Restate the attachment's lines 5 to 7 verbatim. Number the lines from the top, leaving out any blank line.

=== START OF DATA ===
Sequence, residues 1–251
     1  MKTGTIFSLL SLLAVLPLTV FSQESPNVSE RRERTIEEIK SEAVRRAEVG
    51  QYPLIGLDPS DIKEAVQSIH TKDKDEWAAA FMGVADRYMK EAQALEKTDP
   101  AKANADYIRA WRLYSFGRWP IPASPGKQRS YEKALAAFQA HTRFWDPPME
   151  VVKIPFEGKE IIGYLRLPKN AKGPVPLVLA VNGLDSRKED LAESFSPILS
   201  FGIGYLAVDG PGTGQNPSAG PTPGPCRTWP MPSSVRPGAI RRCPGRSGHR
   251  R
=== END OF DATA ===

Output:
   151  VVKIPFEGKE IIGYLRLPKN AKGPVPLVLA VNGLDSRKED LAESFSPILS
   201  FGIGYLAVDG PGTGQNPSAG PTPGPCRTWP MPSSVRPGAI RRCPGRSGHR
   251  R